Assess Fewer Joints with Ultrasound to Watch RA Remission

Assess Fewer Joints with Ultrasound to Watch RA Remission

Naredo E, Valor L, de la Torre I, et al., Ultrasound Joint Inflammation in Rheumatoid Arthritis in Clinical Remission: How Many and Which Joints Should Be Assessed? Arthritis Care Res, (2013) 65:512–517. doi:10.1002/acr.21869

In recent years, B-mode ultrasound (US) examination has proven more sensitive than comprehensive examination of 44 key joints for determining remission in rheumatoid arthritis (RA). Now, a cross-sectional study from Spain suggests that even with ultrasound, less may be more. Evaluating fewer and more targeted foot and hand joints with B-mode and power Doppler (PD) ultrasound proves just as effective as the broader joint assessment in detecting clinical remission.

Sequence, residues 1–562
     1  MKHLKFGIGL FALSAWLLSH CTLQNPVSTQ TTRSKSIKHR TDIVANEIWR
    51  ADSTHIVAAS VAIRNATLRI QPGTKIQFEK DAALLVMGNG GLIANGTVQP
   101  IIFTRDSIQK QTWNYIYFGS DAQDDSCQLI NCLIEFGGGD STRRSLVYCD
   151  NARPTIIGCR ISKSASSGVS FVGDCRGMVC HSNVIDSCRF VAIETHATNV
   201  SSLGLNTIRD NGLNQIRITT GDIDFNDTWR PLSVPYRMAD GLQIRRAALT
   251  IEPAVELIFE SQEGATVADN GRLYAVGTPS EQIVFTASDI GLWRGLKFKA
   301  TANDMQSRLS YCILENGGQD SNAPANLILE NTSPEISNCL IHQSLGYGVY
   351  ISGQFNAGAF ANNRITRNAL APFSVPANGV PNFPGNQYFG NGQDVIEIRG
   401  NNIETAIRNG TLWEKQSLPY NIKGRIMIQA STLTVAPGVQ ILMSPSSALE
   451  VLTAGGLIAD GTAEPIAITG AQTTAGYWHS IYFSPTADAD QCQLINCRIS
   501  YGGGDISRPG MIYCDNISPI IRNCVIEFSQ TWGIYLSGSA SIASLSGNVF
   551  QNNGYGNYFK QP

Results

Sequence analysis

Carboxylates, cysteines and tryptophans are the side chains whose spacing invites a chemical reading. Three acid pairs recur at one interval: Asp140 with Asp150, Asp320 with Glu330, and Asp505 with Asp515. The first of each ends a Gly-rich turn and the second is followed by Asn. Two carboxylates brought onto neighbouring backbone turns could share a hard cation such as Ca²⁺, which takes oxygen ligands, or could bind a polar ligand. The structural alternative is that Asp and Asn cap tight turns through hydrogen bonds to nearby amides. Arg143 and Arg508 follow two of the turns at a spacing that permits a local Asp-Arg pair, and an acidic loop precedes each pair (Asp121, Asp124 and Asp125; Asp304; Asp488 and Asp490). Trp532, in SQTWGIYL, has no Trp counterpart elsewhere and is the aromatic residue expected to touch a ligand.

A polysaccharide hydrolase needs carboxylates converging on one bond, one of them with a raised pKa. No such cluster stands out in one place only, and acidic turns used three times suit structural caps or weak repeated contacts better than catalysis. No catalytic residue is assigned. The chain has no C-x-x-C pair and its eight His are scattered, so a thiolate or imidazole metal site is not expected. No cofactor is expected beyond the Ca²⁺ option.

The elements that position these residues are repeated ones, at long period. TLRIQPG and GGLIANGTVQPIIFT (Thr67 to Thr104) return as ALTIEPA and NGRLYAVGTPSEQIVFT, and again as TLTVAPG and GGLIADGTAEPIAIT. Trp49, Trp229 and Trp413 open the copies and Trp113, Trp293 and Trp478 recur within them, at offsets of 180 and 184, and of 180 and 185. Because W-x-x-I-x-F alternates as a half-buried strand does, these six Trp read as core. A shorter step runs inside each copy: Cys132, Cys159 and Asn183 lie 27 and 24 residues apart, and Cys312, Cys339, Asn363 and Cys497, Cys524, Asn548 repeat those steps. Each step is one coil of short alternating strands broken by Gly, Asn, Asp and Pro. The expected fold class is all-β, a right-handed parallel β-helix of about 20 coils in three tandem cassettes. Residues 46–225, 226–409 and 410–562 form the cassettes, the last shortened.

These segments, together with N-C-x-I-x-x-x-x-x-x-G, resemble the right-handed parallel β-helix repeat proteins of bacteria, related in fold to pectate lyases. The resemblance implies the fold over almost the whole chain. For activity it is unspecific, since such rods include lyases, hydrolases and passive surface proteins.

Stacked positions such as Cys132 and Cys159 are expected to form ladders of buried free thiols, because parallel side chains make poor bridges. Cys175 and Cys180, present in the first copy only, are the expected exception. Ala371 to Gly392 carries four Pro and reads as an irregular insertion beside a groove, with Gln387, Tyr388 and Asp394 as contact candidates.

The first study of its kind was conducted among 67 consecutive rheumatology clinic outpatients (50 women, 17 men, with an average age around 60) in Madrid. The patients had had RA for a mean  of 7.5 years, judged by 1987 ACR criteria, and had been treated with corticosteroids or DMARDs such as methotrexate for at least two years.

Clinical remission was defined as no disease flares or therapy changes in the previous six months.

Patients were evaluated for disease activity according to the Disease Activity Score in 28 joints (DAS28) and the Simplified Disease Activity Index (SDAI. They were then assessed with B-mode and PD US for joint inflammation in the hands and feet by a rheumatologist blinded to their clinical, laboratory, and radiographic data.

The study found the highest correlation with the 44-joint assessment for a limited US assessment of the bilateral wrist, metacarpophalangeal (MCP) joints, ankle, and metatarsophalangeal (MTP) joints 2-5, and a 12-joint assessment (also a combination of small and large joints).
These more limited US evaluations also had the highest sensitivity for spotting clinical remission as defined by the DAS28 or SDAI, compared to the 44-joint joint assessment.

Other reduced joint assessment models (US examination of 7 and 6 joints) showed lower correlations with the comprehensive US 44-joint assessment, both for B-mode SH and synovial PD signals.



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